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Vectura Ltd. v. GlaxoSmithKline LLC

UNITED STATES DISTRICT COURT FOR THE DISTRICT OF DELAWARE
Sep 10, 2019
397 F. Supp. 3d 579 (D. Del. 2019)

Opinion

Civil Action No. 16-638-RGA

09-10-2019

VECTURA LIMITED, Plaintiff; v. GLAXOSMITHKLINE LLC and Glaxo Group Limited, Defendants.

Kelly E. Farnan and Christine D. Haynes, RICHARDS, LAYTON & FINGER, P.A., Wilmington, DE; Dominick A. Conde, Christopher P. Borello and Damien N. Dombrowski, VENABLE LLP, New York, NY, attorneys for Plaintiff. Jack B. Blumenfeld and Jeremy A. Tigan, MORRIS, NICHOLS, ARSHT & TUNNELL LLP, Wilmington, DE; Martin J. Black, Kevin M. Flannery, Robert Ashbrook, Sharon K. Gagliardi, DECHERT LLP, Philadelphia, PA; Blake B. Greene, DECHERT LLP, Austin, TX; Katherine A. Helm, DECHERT LLP, New York, NY, attorneys for Defendants.


Kelly E. Farnan and Christine D. Haynes, RICHARDS, LAYTON & FINGER, P.A., Wilmington, DE; Dominick A. Conde, Christopher P. Borello and Damien N. Dombrowski, VENABLE LLP, New York, NY, attorneys for Plaintiff.

Jack B. Blumenfeld and Jeremy A. Tigan, MORRIS, NICHOLS, ARSHT & TUNNELL LLP, Wilmington, DE; Martin J. Black, Kevin M. Flannery, Robert Ashbrook, Sharon K. Gagliardi, DECHERT LLP, Philadelphia, PA; Blake B. Greene, DECHERT LLP, Austin, TX; Katherine A. Helm, DECHERT LLP, New York, NY, attorneys for Defendants.

MEMORANDUM OPINION

ANDREWS, U.S. DISTRICT JUDGE Currently pending before the Court is Defendants' Motion for Judgment as a Matter of Law and New Trial or Remittitur. (D.I. 336). The parties have fully briefed the issues. (D.I. 337, 343, 349). For the following reasons, I will deny Defendants' motion.

Plaintiff's motion for supplemental damages, enhanced damages, an ongoing royalty, pre- and post-judgment interest, and attorney's fees (D.I. 338) is also pending.

I. BACKGROUND

On July 27, 2016, Plaintiff Vectura Limited sued Defendants GlaxoSmithKline LLC and Glaxo Group Limited for direct and induced infringement of U.S. Patent No. 8,303,991 ("the '991 patent"). (D.I.I). The '991 patent relates to pharmaceutical compositions for inhalation. (D.I. 82 at 1). Before trial, Plaintiff narrowed their infringement case to assert direct infringement of claim 3 of the '991 patent ("the asserted claim"). (D.I. 307). Plaintiff also pursued a claim of willful infringement of the asserted claim. (D.I. 307 at 11). Defendants asserted a noninfringement defense and an invalidity defense under 35 U.S.C. § 103. (Id. ; D.I. 320 at 2).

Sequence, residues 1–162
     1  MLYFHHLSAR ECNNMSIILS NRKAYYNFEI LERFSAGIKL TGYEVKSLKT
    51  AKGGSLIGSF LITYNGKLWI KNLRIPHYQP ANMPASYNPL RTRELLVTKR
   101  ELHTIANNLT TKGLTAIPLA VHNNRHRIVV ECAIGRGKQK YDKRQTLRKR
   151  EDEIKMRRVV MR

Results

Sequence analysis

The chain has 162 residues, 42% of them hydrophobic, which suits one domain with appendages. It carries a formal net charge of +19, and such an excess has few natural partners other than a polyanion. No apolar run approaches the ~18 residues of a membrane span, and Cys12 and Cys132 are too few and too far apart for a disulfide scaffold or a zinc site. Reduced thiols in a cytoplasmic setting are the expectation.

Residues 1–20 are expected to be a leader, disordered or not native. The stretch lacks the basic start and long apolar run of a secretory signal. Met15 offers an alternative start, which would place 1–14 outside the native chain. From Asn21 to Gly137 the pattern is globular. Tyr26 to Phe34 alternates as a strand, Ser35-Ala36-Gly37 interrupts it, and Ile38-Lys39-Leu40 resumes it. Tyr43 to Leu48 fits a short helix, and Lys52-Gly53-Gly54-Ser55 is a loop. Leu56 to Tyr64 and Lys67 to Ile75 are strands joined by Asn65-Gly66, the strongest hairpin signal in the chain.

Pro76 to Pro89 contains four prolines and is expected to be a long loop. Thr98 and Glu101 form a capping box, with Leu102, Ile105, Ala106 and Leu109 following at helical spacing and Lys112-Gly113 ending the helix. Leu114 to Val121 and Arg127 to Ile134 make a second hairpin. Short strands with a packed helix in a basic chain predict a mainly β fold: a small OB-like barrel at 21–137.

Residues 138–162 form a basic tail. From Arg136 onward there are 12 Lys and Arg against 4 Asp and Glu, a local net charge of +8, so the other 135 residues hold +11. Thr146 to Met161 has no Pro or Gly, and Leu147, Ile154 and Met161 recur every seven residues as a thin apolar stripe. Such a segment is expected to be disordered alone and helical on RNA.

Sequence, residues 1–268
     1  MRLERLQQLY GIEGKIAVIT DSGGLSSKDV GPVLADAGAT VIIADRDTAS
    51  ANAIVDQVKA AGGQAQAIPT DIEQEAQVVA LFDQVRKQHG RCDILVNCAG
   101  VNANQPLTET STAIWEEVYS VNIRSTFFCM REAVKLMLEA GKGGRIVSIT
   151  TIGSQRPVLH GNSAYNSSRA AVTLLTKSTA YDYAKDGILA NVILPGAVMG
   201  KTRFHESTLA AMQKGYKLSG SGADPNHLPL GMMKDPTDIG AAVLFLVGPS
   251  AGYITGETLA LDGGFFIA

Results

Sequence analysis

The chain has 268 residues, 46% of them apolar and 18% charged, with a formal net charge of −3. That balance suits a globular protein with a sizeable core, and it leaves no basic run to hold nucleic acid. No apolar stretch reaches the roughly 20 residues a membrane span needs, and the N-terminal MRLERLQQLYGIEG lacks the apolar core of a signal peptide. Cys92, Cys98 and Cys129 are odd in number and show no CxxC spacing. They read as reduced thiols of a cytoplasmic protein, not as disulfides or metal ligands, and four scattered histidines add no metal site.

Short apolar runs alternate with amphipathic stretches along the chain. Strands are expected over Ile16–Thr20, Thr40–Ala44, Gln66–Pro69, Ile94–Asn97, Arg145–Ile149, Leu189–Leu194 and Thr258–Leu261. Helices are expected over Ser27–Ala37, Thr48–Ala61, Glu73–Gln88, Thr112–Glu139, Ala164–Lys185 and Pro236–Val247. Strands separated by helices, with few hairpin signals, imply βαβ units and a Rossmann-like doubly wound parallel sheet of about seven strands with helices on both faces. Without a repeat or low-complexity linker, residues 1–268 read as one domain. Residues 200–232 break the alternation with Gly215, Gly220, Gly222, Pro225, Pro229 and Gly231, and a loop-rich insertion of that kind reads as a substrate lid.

Claim 3 of the '991 patent depends from claims 1 and 2. Together, the claims read as follows:

1. Composite active particles for use in a pharmaceutical composition for pulmonary administration, each composite active particle comprising a particle of active material and particulate additive material on the surface of that particle of active material, wherein the composite active particles have a mass median aerodynamic diameter of not more than 10 urn, and wherein the additive material promotes the dispersion of the composite active particles upon actuation of a delivery device.

2. Composite active particles as claimed in claim 1, wherein the additive material includes one or more of: an amino acid or derivative thereof; a peptide or derivative thereof, a phospholipid or derivative thereof, a surface active material; or a metal stearate and derivative thereof.

3. Composite active particles as claimed in claim 2, wherein the additive material includes magnesium stearate.

( '991 patent, cls. 1-3).

After a five-day trial, the jury returned the following verdict: (1) Defendants infringed claim 3 of the '991 patent, (2) claim 3 was not invalid for obviousness, (3) Plaintiff was entitled to an ongoing royalty payment of three percent for a total sum of $89,712,069 through December 31, 2018, and (4) Defendants' infringement was willful. (D.I. 321). The parties have now filed post-trial motions. Defendants renew their request for JMOL of no infringement, invalidity for obviousness, and no willful infringement, or in the alternative, a new trial. Defendants also request a new trial on damages or remittitur.

II. LEGAL STANDARDS

A. Judgement as a Matter of Law

Judgment as a matter of law is appropriate if "the court finds that a reasonable jury would not have a legally sufficient evidentiary basis to find for [a] party" on an issue. Fed. R. Civ. P. 50(a)(1). "Entry of judgment as a matter of law is a ‘sparingly’ invoked remedy, ‘granted only if, viewing the evidence in the light most favorable to the nonmovant and giving it the advantage of every fair and reasonable inference, there is insufficient evidence from which a jury reasonably could find liability.’ " Marra v. Phila. Hous. Auth. , 497 F.3d 286, 300 (3d Cir. 2007) (citation omitted).

"To prevail on a renewed motion for JMOL following a jury trial, a party must show that the jury's findings, presumed or express, are not supported by substantial evidence or, if they were, that the legal conclusion(s) implied [by] the jury's verdict cannot in law be supported by those findings." Pannu v. Iolab Corp. , 155 F.3d 1344, 1348 (Fed. Cir. 1998) (alterations in original). " ‘Substantial’ evidence is such relevant evidence from the record taken as a whole as might be accepted by a reasonable mind as adequate to support the finding under review." Perkin-Elmer Corp. v. Computervision Corp. , 732 F.2d 888, 893 (Fed. Cir. 1984).